Ray Milland ... Maxwell Kirshner
Roosevelt Grier ... Jack Moss
Don Marshall ... Dr. Fred Williams
Roger Perry ... Dr. Philip Desmond
Country: USA Runtime: 93 min AKA:The Beast with Two Heads
It's hard to imagine how the pitch meeting for this film went. Because someone had to first think up this
idea, then go into a meeting and tell others about it, causing them to say "Yes, we want that movie!" It's
hard enough to get good films made in Hollywood, so how does so much garbage get produced?
Admittedly, this 1972 film is a product of its time. A quickie with a kitschy plot to draw in the kids, freaks,
hippies, and weirdoes that attended midnight screenings and double bills of similar schlock. But how
does a terrible script like this rope in Ray Milland of all people. You know him, right? He won an Oscar
for The Lost Weekend, and a couple of Golden Globes too. He was in The Glass Key, Dial "M" for
Murder, and Escape To Witch Mountain for Christ's sake! How'd a fellah like that get swindled into a
role like this?
Milland plays Dr. Maxwell Kirshner, a highly-regarded transplant specialist that has been crippled by
severe arthritis. He reveals not only his racism to his colleagues, but the fact that he is dying of
inoperable cancer and that the only way to save his life (or his genius, really) is to transplant his head
onto a new, healthy body. Tests have been performed on a gorilla, who's two-headed rampage opens
the picture with grace and style...this is sarcasm, of course, but it is actually the best part of the film.
Kirshner soon starts to wither away and is near death, so his fellow medical staff must jump into action.
They need to find a body, and fast, so they head to the most likely place to retrieve a useless hunk of
meat: DEATH ROW!
There we meet Jack Moss (played by Rosey Grier, who I believe played football at one time) who is
about to pay the reaper his due, even though he continues to say he is innocent and his girlfriend is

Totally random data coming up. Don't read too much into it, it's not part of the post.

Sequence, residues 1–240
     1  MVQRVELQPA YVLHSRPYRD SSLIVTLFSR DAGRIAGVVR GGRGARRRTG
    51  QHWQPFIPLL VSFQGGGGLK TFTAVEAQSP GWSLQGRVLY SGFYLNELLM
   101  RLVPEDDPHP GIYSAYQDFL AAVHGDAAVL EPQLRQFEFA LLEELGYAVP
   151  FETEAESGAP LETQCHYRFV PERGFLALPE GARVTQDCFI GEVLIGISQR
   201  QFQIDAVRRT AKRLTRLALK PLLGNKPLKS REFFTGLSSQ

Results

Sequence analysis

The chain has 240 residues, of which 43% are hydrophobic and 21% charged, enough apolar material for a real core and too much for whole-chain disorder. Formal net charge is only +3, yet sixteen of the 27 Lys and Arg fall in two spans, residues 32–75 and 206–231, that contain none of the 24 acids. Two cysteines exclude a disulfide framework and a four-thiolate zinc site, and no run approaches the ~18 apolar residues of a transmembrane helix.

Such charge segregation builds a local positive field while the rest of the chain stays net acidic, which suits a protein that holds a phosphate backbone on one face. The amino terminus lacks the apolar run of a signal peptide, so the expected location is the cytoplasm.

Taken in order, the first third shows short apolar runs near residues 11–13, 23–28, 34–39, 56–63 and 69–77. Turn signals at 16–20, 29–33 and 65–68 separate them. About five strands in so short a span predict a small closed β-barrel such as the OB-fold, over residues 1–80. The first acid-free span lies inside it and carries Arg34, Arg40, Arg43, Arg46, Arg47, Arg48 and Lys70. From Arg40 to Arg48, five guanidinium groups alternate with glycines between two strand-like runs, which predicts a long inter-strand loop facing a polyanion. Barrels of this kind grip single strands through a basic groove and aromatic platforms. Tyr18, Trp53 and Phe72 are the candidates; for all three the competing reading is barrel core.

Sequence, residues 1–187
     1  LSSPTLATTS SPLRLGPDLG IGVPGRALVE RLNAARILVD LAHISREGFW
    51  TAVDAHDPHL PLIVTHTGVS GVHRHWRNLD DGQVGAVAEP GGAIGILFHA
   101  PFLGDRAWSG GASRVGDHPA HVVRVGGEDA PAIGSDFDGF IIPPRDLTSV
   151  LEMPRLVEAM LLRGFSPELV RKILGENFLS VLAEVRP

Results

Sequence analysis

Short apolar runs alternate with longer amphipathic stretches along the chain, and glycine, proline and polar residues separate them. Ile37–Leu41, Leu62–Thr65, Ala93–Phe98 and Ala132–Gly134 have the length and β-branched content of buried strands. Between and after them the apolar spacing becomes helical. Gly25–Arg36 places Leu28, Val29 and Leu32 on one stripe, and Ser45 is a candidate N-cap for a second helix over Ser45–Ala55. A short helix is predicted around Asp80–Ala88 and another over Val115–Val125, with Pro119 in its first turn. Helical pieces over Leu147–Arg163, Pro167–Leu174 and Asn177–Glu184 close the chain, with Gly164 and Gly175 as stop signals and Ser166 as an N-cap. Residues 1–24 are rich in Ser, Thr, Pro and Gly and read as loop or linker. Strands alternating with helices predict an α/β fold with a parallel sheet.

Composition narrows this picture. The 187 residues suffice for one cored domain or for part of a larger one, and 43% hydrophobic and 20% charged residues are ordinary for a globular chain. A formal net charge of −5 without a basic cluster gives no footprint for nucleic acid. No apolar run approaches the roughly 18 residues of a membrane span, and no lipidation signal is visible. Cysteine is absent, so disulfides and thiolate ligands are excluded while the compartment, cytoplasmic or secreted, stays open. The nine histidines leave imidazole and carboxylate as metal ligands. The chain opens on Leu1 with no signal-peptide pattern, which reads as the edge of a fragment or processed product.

close to proving it. He is offered the deal to donate his body to science (little does he know) and with
that comes a stay of execution for 30 days. He needs the extra time for his lady to find a way to clear his
name so he takes the deal and is placed in the custody of Kirschner's doctors. He goes to sleep and is
more than surprised to find a white guy's head sown onto his shoulder when he wakes up.
Understandably perturbed, and still in control of the body that is his (for the moment) he jumps off of the
operating table and he escapes...or I should say, THEY escape.
Against Kirshner's wishes, Moss goes on the lamb, evading the cops. The bulk of the movie is here,
with a parade of cop cars chasing after them and crashing rather amazingly as the two-headed duo
make their getaway in a car, and then on a motorcycle. This scene goes on for way too long, and cop
cars come out of nowhere only to crash, and then when it seems to be over, even more appear for more
of the same. I like crashes, but this started to bore me. Soon, Moss and his new brother from another
mother, find their way to his girlfriend's apartment, and he wants to get frisky, but she just can't get it wet
with her two-headed man, and decides to tuck him in (THEM IN) for a nap. Kirschner manages to take
control of Moss's body and escapes again, heading off (get it?) to try and get Moss removed. But a
good-natured black doctor on Kirschner's staff, manages to stop racist Kirshner in time and restores
Moss to his one-headedness. The film ends with the black cast sing along to "Oh Happy Day" as they
Such a quirky idea could have been a fun movie, but with a slow start to the two-headed action (which
takes 35 minutes to get going) and a dragging chase sequence in the middle directed in a boring
point-and-shoot style, the film's wackiness fizzles out and only provides moderate entertainment. I really
wish this movie would have gone balls to the wall with the premise, and maybe it thinks it did, but in the
end the film gets in over its head (get it?) with its leaden pacing and ridiculous story. At least the
transplant scene was worth watching, which featured a really realistic severed human head, and some
early gorilla work by makeup maestro Rick Baker...and Milland was good in it, which is no surprise. My
conclusion is he needed the cash, but I suggest you keep yours.